IMR Press / CEOG / Volume 43 / Issue 4 / DOI: 10.12891/ceog3328.2016

Clinical and Experimental Obstetrics & Gynecology (CEOG) is published by IMR Press from Volume 46 Issue 1 (2019). Previous articles were published by another publisher on a subscription basis, and they are hosted by IMR Press on as a courtesy and upon agreement with S.O.G.

Open Access Editorial
An Editor's opinion of the recent committee opinion of the American Society for Reproductive Medicine that the luteal phase deficiency as a clinical entity causing infertility has not been proven
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1 Cooper Medical School of Rowan University, Department of Obstetrics and Gynecology
1 Division of Reproductive Endocrinology & Infertility, Camden, NJ
2 Cooper Institute for Reproductive Hormonal Disorders, P.C., Mt. Laurel, NJ (USA)
Clin. Exp. Obstet. Gynecol. 2016, 43(4), 479–483;
Published: 10 August 2016

Purpose: To present an opposing view to the recent conclusions reached by the Practice Committee of the American Society for Reproductive Medicine and a recent review of the role of progesterone in subfertility by Sonntag and Ludwig that there is no evidence to support using progesterone in the luteal phase as exclusive therapy. Materials and Methods: A large quasi randomized study not mentioned by either review is presented. Results: In this study published in 1989 when women with luteal phase deficiencies and subfertility were evaluated for follicular maturation, the majority seemed to form mature follicles. This majority group found far better with pregnancy outcome by taking exclusive progesterone in the luteal phase than follicle maturing drugs. A recent prospective series confirmed its beneficial effect. Conclusions: Physicians should not empirically treat with follicle maturing drugs but should use progesterone in the luteal phase, preferably in those women who seemingly create a mature follicle.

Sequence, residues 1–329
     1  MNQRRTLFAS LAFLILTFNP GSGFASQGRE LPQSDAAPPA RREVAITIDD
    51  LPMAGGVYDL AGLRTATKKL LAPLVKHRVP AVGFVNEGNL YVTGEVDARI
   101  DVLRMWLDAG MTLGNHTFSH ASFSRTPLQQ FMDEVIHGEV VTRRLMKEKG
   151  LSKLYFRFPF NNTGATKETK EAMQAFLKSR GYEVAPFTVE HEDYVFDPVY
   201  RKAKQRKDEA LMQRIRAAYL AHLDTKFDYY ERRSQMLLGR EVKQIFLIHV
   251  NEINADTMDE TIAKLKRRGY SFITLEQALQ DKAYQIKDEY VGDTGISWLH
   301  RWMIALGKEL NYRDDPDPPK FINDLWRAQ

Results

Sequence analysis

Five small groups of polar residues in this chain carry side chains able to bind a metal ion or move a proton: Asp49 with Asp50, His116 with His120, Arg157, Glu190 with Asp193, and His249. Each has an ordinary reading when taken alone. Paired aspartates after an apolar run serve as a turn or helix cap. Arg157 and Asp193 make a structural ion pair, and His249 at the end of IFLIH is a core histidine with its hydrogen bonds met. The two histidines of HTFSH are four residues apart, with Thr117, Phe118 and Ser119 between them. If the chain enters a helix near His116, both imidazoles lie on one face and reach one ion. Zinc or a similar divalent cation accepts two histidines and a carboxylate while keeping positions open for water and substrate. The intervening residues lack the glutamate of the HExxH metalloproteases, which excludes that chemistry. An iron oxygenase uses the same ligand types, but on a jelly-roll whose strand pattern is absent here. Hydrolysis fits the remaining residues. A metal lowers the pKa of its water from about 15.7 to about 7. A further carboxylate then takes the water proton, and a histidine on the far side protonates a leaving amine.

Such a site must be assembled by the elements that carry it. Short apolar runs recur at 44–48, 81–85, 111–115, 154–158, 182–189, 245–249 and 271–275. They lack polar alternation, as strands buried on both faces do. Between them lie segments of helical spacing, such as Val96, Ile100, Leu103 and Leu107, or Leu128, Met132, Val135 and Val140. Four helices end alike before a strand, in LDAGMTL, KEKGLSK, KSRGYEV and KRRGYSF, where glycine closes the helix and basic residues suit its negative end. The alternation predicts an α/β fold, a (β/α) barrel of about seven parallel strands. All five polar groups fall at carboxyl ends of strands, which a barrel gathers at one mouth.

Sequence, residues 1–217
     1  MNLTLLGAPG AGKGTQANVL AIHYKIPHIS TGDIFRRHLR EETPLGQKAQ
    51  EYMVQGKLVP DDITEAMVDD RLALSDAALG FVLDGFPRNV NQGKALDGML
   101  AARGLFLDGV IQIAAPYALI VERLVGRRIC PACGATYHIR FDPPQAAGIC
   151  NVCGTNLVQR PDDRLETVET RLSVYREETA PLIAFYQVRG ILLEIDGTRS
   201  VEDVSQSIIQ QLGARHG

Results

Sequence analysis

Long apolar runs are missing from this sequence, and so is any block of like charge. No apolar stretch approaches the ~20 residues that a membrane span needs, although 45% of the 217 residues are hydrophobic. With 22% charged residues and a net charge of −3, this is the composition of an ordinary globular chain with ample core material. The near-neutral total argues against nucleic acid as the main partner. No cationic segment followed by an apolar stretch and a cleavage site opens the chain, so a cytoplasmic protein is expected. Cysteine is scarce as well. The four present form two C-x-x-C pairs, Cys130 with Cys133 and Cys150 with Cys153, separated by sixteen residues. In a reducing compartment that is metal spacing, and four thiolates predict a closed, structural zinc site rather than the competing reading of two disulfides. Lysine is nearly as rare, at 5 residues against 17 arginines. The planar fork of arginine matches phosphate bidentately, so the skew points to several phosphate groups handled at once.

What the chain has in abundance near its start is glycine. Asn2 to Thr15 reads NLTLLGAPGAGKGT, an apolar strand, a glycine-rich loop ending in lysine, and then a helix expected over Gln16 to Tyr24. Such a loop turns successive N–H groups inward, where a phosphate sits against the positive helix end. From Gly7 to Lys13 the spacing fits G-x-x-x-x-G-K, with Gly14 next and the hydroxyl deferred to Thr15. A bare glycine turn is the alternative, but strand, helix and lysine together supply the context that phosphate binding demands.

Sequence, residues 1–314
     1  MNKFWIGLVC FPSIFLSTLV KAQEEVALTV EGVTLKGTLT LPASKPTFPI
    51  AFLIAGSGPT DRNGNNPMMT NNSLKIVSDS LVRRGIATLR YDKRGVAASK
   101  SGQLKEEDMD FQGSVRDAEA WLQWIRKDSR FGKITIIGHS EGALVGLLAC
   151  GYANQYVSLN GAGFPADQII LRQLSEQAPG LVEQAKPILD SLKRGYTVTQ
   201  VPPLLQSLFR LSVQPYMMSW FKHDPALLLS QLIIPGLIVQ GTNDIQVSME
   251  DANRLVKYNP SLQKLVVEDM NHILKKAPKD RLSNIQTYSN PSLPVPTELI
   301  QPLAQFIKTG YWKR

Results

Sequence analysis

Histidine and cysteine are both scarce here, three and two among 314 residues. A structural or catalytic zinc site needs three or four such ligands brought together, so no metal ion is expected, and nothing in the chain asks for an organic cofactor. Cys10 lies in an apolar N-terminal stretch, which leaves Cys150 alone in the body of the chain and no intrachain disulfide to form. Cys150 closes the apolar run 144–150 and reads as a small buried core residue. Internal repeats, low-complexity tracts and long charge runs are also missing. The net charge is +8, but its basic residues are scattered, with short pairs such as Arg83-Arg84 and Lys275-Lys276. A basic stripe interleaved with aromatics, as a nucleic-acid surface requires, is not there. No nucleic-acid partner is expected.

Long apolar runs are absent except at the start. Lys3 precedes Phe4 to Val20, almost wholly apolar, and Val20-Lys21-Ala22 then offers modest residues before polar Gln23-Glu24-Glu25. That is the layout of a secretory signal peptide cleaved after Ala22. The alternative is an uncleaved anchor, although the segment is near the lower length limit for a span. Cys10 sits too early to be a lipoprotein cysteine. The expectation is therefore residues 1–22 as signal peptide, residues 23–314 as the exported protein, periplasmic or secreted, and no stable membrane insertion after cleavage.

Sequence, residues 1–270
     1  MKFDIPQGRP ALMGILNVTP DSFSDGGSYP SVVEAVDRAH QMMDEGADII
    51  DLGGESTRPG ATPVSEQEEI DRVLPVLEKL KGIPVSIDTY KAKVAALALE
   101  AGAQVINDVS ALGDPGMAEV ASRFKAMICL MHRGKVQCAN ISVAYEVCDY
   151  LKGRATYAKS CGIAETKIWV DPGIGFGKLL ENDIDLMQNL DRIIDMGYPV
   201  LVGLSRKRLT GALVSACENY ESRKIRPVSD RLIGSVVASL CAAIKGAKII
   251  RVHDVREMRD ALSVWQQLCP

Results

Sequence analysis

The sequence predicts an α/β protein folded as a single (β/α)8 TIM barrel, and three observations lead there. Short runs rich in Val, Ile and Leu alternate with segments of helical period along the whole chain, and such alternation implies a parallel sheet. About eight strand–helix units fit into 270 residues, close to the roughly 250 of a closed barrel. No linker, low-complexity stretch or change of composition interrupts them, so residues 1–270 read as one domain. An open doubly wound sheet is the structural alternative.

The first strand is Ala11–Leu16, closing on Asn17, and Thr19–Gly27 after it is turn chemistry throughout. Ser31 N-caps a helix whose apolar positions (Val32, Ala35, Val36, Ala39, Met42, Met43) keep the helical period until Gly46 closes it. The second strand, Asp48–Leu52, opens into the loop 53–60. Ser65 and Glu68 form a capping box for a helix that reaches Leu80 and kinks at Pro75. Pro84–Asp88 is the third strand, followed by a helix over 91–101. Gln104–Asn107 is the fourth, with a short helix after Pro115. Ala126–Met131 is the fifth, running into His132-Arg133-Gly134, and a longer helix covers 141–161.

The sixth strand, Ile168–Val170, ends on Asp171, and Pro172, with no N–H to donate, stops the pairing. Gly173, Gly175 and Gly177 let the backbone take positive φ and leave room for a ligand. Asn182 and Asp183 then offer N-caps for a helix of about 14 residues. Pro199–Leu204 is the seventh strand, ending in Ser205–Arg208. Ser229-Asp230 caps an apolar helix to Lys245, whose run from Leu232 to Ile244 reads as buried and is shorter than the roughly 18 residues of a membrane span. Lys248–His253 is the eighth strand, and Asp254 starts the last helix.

Luteal phase deficiencies
Follicle maturing drugs
Follicular maturation
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